Measuring Super Smooth Surfaces

Exploiting the potential of 3D optical profilometry

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Smooth surfaces hold pivotal roles in various industries, ranging from optical devices to semiconductor manufacturing. The quality andprecision of these surfaces directly influence the performance of end products or components, making accurate surface characterizationa mandatory step on their manufacturing process.

What is a super smooth surface?


The definition of smoothness can vary depending on the application or industry. For instance, what may be considered smooth in engineering may not meet the criteria for smoothness in optics. Besides, non-technical definitions of smooth surfaces can be subjective, encompassing visual perception and tactile feel. While these subjective definitions may be intuitive for everyday use, we need more precision and reproducibility for rigorous measurement and analysis. One approach to address the challenge of generally defining smooth surfaces is to consider them as such when their roughness is significantly smaller than the observation scale. In other words, a surface can be deemed smooth if its irregularities are negligible compared to the observation or measurement scale analysis.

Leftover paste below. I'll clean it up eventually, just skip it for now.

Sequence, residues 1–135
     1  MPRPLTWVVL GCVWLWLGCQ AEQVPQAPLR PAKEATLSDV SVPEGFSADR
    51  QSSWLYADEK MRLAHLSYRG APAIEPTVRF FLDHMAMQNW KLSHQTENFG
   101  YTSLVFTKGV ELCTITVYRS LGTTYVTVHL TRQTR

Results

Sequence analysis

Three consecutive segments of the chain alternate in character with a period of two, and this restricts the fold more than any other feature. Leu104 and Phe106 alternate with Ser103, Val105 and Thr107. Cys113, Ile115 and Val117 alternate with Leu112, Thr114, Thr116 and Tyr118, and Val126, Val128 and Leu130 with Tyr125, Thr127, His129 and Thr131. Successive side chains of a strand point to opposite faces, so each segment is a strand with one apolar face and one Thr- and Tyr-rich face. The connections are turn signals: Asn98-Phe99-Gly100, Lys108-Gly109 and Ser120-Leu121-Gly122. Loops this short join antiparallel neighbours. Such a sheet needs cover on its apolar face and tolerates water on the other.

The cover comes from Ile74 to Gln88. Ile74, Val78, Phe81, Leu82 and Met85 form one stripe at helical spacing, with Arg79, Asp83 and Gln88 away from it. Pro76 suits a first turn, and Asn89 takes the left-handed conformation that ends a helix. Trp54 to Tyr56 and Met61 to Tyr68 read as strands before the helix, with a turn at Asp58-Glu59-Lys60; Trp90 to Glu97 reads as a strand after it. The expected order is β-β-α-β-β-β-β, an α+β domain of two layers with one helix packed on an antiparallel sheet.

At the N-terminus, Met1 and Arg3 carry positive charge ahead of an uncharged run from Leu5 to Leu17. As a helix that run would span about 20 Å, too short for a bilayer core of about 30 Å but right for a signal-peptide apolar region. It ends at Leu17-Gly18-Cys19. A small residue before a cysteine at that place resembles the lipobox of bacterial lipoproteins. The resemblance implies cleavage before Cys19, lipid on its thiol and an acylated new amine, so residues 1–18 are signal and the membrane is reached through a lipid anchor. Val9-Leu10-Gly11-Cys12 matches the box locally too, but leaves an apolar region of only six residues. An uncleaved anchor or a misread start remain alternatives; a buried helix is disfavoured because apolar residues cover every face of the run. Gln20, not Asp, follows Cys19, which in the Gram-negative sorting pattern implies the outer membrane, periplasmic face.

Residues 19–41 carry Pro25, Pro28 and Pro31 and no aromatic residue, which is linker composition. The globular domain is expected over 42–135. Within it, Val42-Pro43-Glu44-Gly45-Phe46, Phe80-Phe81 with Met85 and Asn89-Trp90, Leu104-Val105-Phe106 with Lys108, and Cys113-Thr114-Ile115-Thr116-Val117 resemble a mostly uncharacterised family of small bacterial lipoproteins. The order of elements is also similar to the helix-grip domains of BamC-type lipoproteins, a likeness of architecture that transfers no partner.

This perspective acknowledges that the perception of smoothness is relative, and what may be considered smooth at one scale of observation might exhibit imperfections when examined at a finer resolution. For example, a surface with a roughness of a few micrometers may be regarded as smooth when analyzed visually but may appear comparatively rough when observed using a microscope.

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Learn More? 

Please click on ‘Request Application Note’  and download the application note ‘Measuring Super Smooth Surfaces’.